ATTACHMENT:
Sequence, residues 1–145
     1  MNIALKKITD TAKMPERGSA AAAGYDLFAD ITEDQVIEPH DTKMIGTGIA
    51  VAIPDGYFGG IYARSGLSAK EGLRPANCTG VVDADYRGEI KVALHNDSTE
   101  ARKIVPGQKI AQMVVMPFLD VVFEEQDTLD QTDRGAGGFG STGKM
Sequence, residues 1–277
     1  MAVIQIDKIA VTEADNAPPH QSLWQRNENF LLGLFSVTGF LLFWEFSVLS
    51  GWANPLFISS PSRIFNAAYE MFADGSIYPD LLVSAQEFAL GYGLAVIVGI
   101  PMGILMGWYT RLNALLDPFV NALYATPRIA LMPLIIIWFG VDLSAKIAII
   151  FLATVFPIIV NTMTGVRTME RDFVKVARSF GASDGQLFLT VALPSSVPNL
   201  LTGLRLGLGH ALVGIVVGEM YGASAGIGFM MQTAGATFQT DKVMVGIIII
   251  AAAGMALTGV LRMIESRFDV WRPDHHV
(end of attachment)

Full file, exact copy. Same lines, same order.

Sequence, residues 1–145
     1  MNIALKKITD TAKMPERGSA AAAGYDLFAD ITEDQVIEPH DTKMIGTGIA
    51  VAIPDGYFGG IYARSGLSAK EGLRPANCTG VVDADYRGEI KVALHNDSTE
   101  ARKIVPGQKI AQMVVMPFLD VVFEEQDTLD QTDRGAGGFG STGKM
Sequence, residues 1–277
     1  MAVIQIDKIA VTEADNAPPH QSLWQRNENF LLGLFSVTGF LLFWEFSVLS
    51  GWANPLFISS PSRIFNAAYE MFADGSIYPD LLVSAQEFAL GYGLAVIVGI
   101  PMGILMGWYT RLNALLDPFV NALYATPRIA LMPLIIIWFG VDLSAKIAII
   151  FLATVFPIIV NTMTGVRTME RDFVKVARSF GASDGQLFLT VALPSSVPNL
   201  LTGLRLGLGH ALVGIVVGEM YGASAGIGFM MQTAGATFQT DKVMVGIIII
   251  AAAGMALTGV LRMIESRFDV WRPDHHV